2. News centre - Links to several articles and white papers we found interesting
Asia High Yield to US High Yield: OAS to Treasury
Source: Bloomberg as at 15 September 2021
These data emphasise that Asian high yield debt is quite a concentrated play even when delivered in its broadest index form.
Second, this concentration skews the assessment of credit risk for high yield borrowers in the region. The same Moody’s report highlights that the dominance of Chinese developers has impacted covenant quality (CQ) scores for Asian high yield bonds in aggregate. CQ scores have weakened since 2011, with only 11% of bonds in the strong and good levels in the first half of 2021 compared with 82% of bonds in 2011, while 63% of bonds are in the weak and weakest levels compared with only 9% in 2011.
But this trend is not reflected in other parts of the market. ASEAN bonds typically offer stronger covenant protection for investors across all major risk areas compared with Chinese property bonds with yearly average CQ scores falling in the good and moderate levels in the past decade.
Finally, as we said back in April, there is a good argument for holding Asian credit risk in a diversified portfolio, given the compelling risk and reward dynamics of the region. There are higher returns available and, despite the declining trend within the market, bond covenants for aggregate Asian high yield bonds are comparatively stronger than counterparts in EMEA and North America.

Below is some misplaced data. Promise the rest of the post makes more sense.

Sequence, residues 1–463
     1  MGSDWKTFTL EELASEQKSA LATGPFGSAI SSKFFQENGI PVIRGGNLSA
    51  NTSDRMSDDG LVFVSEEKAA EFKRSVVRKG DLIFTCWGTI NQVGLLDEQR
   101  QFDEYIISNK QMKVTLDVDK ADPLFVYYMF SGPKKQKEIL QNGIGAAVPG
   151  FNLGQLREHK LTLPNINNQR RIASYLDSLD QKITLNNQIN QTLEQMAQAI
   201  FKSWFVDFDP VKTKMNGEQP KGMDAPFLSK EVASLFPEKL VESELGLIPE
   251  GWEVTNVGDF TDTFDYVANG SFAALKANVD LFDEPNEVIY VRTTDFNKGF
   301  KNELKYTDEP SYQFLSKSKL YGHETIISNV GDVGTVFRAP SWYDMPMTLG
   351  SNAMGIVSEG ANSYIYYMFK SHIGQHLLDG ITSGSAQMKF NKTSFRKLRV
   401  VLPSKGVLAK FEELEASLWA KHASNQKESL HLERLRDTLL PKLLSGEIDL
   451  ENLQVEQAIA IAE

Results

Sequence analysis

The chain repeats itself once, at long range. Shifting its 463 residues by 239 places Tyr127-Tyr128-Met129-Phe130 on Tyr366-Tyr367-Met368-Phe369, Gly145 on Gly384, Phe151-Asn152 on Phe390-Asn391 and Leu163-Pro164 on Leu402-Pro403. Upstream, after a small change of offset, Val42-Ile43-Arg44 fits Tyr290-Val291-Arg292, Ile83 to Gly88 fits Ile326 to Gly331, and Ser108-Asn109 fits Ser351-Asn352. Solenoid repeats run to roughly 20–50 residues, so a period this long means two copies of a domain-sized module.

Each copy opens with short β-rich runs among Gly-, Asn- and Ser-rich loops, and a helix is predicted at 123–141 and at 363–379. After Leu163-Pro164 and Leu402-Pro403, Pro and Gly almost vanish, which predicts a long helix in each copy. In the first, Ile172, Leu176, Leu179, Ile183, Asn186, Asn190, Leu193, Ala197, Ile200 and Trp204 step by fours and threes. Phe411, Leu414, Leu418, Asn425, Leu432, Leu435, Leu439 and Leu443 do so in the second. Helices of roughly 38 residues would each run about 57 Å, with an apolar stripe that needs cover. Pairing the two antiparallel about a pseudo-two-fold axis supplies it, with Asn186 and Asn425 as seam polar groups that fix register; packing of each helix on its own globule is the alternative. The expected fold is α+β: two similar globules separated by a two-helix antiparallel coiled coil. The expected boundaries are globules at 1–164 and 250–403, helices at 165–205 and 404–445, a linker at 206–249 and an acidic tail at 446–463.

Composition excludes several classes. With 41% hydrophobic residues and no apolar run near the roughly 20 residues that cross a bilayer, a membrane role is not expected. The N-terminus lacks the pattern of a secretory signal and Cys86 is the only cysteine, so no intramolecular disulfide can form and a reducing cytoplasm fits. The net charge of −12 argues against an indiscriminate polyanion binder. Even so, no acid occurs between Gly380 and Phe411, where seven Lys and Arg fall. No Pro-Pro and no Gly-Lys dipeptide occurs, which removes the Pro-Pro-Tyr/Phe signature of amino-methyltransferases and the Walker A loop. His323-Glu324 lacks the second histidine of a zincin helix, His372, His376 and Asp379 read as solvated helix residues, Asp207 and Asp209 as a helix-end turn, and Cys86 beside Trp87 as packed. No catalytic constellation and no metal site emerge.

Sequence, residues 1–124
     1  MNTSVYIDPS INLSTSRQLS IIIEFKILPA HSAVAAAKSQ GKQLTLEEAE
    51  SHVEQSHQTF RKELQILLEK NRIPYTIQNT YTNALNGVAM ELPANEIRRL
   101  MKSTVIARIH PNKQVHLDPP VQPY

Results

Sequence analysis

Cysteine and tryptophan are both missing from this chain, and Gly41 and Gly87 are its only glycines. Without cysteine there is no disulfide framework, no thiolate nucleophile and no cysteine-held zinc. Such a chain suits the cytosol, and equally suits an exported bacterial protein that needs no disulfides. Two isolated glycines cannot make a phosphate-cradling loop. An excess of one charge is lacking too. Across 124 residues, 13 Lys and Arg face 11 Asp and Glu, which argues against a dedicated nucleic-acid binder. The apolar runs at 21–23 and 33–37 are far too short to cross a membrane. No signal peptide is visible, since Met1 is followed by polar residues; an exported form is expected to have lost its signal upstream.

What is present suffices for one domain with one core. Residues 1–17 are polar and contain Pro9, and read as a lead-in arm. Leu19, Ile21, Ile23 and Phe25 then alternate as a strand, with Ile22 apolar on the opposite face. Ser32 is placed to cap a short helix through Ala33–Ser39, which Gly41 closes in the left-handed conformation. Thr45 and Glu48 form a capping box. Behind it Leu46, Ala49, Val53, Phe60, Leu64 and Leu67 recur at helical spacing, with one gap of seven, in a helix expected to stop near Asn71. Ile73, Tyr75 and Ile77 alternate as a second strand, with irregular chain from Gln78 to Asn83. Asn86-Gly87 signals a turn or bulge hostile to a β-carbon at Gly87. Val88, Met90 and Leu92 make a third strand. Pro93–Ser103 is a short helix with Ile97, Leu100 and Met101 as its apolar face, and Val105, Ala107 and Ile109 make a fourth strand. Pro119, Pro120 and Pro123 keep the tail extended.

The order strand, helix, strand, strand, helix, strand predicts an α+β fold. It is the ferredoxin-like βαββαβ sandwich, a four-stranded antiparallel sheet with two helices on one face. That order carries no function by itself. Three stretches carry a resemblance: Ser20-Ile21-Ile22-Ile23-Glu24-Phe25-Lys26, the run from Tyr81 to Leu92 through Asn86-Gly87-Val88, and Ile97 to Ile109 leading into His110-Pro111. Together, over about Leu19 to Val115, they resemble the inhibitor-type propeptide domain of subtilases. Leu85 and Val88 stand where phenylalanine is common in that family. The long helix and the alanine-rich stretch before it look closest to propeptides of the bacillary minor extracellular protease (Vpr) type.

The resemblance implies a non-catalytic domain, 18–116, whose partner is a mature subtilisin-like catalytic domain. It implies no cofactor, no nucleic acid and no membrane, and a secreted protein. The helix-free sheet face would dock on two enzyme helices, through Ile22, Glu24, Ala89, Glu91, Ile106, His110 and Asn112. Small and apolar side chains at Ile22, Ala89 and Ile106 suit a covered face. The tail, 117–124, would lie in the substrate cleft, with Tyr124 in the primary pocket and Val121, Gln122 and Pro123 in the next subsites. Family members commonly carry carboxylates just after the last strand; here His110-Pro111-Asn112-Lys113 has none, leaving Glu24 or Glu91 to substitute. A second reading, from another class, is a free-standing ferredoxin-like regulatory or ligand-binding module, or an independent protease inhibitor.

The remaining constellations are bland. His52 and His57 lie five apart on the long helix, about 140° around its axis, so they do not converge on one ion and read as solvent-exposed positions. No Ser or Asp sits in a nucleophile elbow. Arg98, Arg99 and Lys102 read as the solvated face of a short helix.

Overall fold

The challenge for most investors is accessing this credit risk in a way that circumnavigates Chinese property developers and the Evergrande problem. The largest Asian high yield vehicles are ETFs and active strategies benchmarked against indices designed to capture the broad market with all its challenges. The alternative - building a customised Asian high yield bond portfolio - is beyond the resources and skill sets of most institutions.
Private credit as an alternative source of APAC yield?
This is one reason why we view the private credit opportunity set as a preferable access point for Asian alternative credit risk.
The current volatility in public credit markets should create additional opportunities across APAC for private credit. This is for several reasons that we have discussed in earlier newsletters. The current circumstances only serve to underline these points further:
1. We expect the situation in public credit markets will increase caution in regional bank lending, leading to further dislocations in the supply/demand dynamic for SME lending. The region already offers little in the way of cash flow-based credit lending and we expect banks to retrench further into their comfort zones of relationship and asset-based finance – leaving plenty of opportunities for private credit managers to generate mid-teens returns on productive senior secured loans.
2. The APAC private credit opportunity set is much broader than the Asian high yield PME would imply. Managers with a pan-regional mandate can access opportunities from a wide range of countries and industries. For instance, our strategy only focuses on China opportunities where we can take offshore security and it's a small part of our overall opportunity set. By way of example, the table below shows our current window on the market – it is highly diverse and very different in composition to the Asian high yield market.
3. Compared to the high yield market, these opportunities are predominately first lien, senior secured deals. What is more, as we discussed in April, compared to the larger private credit markets of North America and Europe, APAC structures and covenants are much more conservative and yet offer higher IRRs.
Investors are now forced to take real risk to make real returns on credit assets. As low rates continue to wreak havoc on pension obligations, solvency ratios and spending policies globally, investors will continue to seek new sources of yield and absolute return to plug the financial gaps.